26 recommends

This month’s recommendations include a handy of list of ‘books of the year’ as championed by members at our Christmas party.

Books of the year

Girl, Woman, Other by Bernardine Evaristo – recommended by Lisa Andrews and Sophie Gordon
A Thousand Mornings by Mary Oliver – recommended by Julia Fox
The Mahogany Pod by Jill Hopper – recommended by Fiona Thompson and Elise Valmorbida
The Overstory by Richard Powers – recommended by Heather Aitchison
Sillabari by Goffredo Parise – recommended by Elise Valmorbida
Smiley’s People by John le Carre – recommended by John Simmons
Parallel Lives by Phyllis Rose – recommended by Jill Hopper
Do Nothing by Celeste Headlee– recommended by Sabine Harnau
Sleeping Letters by Marie-Elsa R Bragg – recommended by Fiona Thompson
A Field Guide to Getting Lost by Rebecca Solnit – recommended by Alastair Creamer
Spring Journal (After Louis MacNiece) by Jonathan Gibbs and Hamnet by Maggie O’Farrell – recommended by Wendy Jones
Thirty Three Poems Some Of Which Are About Death by Ben North – recommended by Jo Lilford
The Boy, the Mole. the Fox and the Horse by Charlie Mackesy – recommended by Suzie Inman
Ghost in the Throat by Doireann Ní Ghriofa recommended by Therese Kieran
Dominicana by Angie Cruz – recommended by Poppy Collier
Penelopiad by Margaret Atwood – recommended by Faye Sharpe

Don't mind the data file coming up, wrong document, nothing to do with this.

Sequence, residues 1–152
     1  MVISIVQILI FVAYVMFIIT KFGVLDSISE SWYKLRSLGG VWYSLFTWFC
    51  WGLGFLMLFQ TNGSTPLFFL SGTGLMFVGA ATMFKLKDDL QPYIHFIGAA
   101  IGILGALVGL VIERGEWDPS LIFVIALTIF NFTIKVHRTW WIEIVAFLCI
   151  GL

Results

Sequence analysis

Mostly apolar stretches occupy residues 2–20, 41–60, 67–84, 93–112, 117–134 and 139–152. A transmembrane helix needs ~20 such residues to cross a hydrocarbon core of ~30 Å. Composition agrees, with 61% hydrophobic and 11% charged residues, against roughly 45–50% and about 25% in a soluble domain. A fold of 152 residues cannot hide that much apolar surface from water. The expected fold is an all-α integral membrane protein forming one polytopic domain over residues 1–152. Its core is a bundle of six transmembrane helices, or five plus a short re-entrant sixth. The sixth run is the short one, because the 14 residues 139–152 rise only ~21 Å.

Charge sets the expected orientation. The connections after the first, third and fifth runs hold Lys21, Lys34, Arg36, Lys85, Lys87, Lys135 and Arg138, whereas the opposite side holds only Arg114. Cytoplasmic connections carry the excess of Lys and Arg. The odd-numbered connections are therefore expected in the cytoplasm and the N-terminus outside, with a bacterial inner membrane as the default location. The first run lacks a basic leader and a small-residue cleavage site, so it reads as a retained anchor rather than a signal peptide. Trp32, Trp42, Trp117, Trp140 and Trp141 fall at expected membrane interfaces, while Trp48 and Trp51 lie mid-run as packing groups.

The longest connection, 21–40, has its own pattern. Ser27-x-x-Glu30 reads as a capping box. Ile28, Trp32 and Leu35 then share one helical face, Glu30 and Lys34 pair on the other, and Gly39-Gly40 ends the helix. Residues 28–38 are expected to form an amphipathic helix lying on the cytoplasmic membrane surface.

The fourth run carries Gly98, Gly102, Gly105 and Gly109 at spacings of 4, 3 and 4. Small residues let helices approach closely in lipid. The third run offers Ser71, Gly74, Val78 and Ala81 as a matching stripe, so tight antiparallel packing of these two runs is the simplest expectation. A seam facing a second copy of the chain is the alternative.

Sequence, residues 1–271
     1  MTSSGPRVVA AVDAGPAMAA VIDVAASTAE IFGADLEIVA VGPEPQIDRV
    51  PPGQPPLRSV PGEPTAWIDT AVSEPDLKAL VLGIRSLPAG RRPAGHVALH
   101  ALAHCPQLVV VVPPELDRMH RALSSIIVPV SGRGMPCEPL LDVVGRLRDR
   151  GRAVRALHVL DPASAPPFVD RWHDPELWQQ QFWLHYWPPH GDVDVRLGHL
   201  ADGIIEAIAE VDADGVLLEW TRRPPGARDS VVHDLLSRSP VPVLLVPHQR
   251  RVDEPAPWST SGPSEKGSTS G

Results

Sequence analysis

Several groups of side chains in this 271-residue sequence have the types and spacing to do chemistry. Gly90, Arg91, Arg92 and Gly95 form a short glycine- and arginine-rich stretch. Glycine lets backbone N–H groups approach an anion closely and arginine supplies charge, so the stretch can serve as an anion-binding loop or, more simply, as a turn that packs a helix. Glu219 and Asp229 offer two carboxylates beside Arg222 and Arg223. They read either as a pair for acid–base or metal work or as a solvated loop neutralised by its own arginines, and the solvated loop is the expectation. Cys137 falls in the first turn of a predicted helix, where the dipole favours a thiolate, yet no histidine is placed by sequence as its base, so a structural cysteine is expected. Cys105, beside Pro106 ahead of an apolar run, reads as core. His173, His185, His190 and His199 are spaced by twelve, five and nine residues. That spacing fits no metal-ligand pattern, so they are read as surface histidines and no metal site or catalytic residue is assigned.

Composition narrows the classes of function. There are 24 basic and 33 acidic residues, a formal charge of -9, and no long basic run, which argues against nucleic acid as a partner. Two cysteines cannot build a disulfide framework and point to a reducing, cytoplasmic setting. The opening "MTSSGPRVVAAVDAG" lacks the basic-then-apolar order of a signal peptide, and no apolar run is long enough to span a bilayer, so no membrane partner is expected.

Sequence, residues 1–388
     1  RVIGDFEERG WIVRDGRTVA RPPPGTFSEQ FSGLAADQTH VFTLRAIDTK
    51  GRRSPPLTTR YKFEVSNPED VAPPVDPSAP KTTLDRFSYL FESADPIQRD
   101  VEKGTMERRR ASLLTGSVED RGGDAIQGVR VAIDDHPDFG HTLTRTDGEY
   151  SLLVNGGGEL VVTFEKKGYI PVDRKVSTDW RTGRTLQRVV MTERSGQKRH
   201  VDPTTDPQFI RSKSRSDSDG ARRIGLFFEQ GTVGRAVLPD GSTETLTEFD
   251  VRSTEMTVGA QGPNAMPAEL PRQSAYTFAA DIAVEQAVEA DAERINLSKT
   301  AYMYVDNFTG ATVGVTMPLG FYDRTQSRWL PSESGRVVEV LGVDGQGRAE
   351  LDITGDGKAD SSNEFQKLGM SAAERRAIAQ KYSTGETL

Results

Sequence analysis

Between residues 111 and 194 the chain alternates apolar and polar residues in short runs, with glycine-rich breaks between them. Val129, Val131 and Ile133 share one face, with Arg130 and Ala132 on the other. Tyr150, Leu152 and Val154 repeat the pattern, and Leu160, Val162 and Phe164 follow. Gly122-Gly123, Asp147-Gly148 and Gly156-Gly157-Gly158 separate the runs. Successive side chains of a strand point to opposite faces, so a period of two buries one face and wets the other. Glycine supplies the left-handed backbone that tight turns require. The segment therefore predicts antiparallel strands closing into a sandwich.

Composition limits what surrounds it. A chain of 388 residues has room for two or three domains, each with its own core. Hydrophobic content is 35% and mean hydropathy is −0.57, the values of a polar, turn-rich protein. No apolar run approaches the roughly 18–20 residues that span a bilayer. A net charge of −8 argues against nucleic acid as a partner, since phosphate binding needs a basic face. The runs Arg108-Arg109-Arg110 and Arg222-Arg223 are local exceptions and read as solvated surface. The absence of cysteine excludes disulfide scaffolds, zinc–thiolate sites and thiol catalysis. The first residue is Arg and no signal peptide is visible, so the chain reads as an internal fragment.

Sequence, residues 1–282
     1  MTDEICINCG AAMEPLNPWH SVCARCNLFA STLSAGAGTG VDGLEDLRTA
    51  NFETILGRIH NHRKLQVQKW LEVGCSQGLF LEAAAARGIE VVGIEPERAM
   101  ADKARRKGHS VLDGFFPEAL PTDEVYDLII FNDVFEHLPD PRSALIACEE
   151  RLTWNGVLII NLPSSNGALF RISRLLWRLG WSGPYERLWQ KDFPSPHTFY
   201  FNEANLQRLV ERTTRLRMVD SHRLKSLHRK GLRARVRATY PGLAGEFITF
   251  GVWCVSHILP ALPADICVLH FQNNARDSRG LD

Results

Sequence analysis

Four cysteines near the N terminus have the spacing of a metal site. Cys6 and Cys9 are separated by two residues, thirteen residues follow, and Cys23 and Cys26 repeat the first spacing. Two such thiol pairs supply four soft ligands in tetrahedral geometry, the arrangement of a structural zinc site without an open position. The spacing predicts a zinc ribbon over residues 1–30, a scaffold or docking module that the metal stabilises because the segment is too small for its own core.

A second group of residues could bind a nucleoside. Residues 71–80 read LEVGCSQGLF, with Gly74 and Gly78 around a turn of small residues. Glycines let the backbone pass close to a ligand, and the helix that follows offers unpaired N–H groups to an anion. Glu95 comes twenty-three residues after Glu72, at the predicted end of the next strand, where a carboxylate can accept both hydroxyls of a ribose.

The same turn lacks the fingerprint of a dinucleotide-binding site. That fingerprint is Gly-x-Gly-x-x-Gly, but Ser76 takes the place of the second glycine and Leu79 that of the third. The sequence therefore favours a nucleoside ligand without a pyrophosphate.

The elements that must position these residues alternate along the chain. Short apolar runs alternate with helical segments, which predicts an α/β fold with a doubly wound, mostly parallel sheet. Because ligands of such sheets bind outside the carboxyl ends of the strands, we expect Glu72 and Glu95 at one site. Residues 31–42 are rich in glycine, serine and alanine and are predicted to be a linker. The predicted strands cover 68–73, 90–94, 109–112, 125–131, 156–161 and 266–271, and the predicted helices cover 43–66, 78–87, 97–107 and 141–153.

I came across this lovely writing project at Ladies Wine and Design London’s Xmas event. It’s called Post Quarantine where people are invited to write to their future self in a post-COVID world. You then post them to the team, and when this is all over will reunite you with your letter.

I also recommend this article, about Craig Oldham’s May they never be deemed ‘low skilled’ again

– Sana Iqbal

I’m reading Burning Down the Haus: Punk Rock, Revolution and the Fall of the Berlin Wall. It’s a great read. 

And I visited this photography show: Manzanar: Their Footsteps Remain, about the shameful interment of the Japanese during WWII.

– Richard Pelletier

David Attenborough’s A Life on our Planet (book and film) demand to be read and watched. But that’s no imposition – they are stories told with great power and compelling clarity. They make us all more aware of the planet and humanity’s role in destroying it.

I always hesitate to claim ‘this is important’ – but it is, for the present and future generations. He not only tells the story but sets out what we can do to help recovery. Let’s do it.

This is the most joyful and the saddest thing I’ve seen for the current situation (though recorded a few years ago). Best played full screen with the volume up. https://www.youtube.com/watch?v=kbJcQYVtZMo

– John Simmons

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